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Introduction to SMILE

SMILE forecasts life-cycle for all individuals in the Danish population, which allows for a much higher level of detail than is possible in the DREAM-group’s other models.

Objective

The microsimulation model, SMILE, has been developed to forecast and analyse the long-run developments in demographics, household relocation patterns, labour market affiliation, education level, income, pensions as well as housing demand. An essential property of a microsimulation model, and indeed SMILE, is that it is based on individuals rather than groups of individuals. This property makes it possible to analyse individual life cycles and to calculate distributions rather than averages of income, pension, etc.

Description

SMILE is a dynamic microsimulation model that forecasts and analyses the life cycles of the Danish population on an individual-specific level. The model uses register data which means that the initial population represents the actual Danish population on an individual level. Each individual has a wide array of variables that describe characteristics such as education, labour market status, family status, municipality of residence, housing characteristics, etc.

Every individual in the population are subjected to a variety of probabilistic events each year that could for example be death, moving, enrolling in a new education, or a change in their labour market status. If the event is considered to occur, the individual moves to a new condition. On the basis of these events, a life cycle is formed for all individuals.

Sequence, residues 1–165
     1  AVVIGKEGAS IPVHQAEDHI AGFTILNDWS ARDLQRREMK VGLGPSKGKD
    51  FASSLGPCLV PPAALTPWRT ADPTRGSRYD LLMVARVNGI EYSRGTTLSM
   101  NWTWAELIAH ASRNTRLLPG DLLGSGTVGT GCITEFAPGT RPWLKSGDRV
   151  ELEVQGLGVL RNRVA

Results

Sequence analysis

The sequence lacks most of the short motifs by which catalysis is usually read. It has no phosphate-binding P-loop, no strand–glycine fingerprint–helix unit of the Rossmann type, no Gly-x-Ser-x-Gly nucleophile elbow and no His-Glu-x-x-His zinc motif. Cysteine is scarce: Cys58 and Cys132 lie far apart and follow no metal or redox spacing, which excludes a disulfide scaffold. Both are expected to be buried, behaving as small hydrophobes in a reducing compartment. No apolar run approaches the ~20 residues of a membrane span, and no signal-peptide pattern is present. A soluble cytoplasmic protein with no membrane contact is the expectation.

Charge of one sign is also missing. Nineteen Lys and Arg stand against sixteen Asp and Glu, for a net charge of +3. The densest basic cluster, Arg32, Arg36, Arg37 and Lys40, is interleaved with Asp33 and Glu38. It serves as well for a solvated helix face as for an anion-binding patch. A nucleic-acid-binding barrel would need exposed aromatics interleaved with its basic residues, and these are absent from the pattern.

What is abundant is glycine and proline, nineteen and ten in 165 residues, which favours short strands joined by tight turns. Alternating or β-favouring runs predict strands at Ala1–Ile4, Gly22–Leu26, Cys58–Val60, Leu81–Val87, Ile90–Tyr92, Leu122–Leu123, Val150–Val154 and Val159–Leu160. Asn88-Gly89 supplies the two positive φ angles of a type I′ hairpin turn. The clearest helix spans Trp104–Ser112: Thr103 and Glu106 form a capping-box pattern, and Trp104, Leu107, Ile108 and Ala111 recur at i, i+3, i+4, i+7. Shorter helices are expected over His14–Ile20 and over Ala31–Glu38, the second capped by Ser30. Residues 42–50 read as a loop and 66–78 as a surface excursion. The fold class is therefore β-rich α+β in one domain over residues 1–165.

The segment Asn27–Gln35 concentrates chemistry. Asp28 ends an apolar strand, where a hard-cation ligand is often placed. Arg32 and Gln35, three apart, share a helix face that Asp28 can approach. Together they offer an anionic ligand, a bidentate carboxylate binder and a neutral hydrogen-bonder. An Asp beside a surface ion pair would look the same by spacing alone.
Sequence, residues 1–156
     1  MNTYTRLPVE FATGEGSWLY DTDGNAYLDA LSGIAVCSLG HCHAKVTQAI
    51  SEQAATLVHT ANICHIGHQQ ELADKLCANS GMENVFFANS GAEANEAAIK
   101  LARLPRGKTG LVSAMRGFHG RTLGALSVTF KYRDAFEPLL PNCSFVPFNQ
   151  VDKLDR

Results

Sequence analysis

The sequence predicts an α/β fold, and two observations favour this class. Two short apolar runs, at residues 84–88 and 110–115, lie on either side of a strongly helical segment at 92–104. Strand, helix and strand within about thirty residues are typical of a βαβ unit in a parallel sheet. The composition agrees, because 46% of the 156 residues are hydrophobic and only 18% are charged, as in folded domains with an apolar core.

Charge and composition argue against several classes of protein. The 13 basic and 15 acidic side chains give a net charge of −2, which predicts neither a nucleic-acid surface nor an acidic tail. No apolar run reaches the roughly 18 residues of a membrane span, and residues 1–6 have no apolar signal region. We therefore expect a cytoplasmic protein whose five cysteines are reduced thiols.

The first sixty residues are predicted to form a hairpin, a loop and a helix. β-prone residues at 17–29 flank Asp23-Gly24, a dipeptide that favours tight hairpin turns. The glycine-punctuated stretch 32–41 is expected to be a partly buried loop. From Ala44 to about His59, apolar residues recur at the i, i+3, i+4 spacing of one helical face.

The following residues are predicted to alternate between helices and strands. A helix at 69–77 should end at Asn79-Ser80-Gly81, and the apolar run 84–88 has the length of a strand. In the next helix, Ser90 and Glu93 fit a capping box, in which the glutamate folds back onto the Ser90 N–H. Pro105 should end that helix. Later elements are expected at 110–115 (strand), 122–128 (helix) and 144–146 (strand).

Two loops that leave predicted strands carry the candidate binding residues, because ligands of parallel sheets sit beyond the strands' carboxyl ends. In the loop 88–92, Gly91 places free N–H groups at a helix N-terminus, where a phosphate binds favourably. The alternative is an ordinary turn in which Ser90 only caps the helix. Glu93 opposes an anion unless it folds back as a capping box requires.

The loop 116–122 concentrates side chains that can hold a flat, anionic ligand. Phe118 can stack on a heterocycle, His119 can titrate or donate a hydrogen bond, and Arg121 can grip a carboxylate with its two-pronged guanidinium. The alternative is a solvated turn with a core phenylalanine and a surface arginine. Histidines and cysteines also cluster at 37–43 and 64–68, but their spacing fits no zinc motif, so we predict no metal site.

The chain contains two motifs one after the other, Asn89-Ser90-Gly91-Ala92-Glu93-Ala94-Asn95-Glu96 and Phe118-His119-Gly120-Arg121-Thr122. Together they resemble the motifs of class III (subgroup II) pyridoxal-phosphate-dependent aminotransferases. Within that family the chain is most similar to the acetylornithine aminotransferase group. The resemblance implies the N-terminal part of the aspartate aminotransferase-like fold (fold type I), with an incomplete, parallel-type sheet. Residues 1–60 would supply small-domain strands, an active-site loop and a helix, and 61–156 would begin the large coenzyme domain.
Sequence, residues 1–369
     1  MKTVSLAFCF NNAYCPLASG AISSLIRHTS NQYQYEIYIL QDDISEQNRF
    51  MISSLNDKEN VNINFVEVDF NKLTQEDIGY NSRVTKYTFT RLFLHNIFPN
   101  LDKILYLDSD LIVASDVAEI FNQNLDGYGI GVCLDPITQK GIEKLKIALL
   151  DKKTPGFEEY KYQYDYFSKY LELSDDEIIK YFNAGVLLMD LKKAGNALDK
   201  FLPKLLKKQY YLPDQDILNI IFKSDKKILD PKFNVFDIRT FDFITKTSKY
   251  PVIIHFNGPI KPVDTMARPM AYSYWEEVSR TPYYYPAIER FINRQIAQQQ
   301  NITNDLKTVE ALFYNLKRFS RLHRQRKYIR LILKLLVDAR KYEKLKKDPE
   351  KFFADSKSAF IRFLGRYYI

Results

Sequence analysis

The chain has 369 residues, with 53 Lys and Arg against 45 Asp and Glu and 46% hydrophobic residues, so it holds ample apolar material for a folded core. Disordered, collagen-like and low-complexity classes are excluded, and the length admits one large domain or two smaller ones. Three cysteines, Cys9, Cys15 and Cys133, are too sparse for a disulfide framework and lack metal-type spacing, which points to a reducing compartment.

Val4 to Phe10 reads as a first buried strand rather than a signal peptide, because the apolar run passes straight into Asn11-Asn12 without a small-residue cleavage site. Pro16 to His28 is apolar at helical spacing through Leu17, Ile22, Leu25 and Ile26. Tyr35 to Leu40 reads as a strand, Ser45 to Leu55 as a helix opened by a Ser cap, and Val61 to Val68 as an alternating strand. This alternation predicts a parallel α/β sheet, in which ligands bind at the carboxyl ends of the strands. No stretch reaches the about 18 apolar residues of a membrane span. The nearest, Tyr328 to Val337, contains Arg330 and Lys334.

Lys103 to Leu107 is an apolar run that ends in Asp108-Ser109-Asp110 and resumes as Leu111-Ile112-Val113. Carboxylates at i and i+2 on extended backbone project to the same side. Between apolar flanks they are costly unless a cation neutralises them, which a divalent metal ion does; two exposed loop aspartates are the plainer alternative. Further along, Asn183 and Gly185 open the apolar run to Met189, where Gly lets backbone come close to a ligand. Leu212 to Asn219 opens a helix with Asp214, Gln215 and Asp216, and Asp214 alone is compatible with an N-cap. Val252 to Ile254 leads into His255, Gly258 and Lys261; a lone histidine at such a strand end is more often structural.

Read more about microsimulation

Application

SMILE has many potential applications. It is possible to analyse life cycles (e.g. pension via pension accumulated payments or health records), forecast income distributions and utilise interrelationships in a family (such as educational behaviour depending plausibly on parent’s educational level). In the follow links there are more examples of analysis using SMILE regarding expectations of:

Development in housing demand in Danish municipalities (in Danish)

Development in population income distribution (in Danish)

Accumulation of pension wealth (in Danish)

Background

SMILE has been under development since 2010 where it was first used to forecast household demand in Denmark. The model has since been developed further and has gradually become very extensive. As a result, it can now provide insight into future developments in the Danish population as described by a wide array of demographic characteristics such as family structure, education choice, socioeconomic status, income, savings and wealth, moving patterns and housing choices.

Underlying Theory

Overall, the projection in SMILE is determined by estimated behavioural patterns that, via Monte Carlo simulations, determine the behaviour of model agents, i.e. individuals and families. The aim is that the selection of algorithms used to estimate the transition probabilities are data driven and are selected by using cross-validation. The development of the model is also in part a reflection of the experience of the researchers themselves. The experience-driven model development primarily reveals itself in the selection of estimation period, relevant data and the selection of relevant algorithms to calculate transition probabilities.

Other important methods in microsimulation are alignment, i.e. adapting the model to the development of, for example, the population and the workforce from other projections and matching individuals to families.

Read more about the structure of SMILE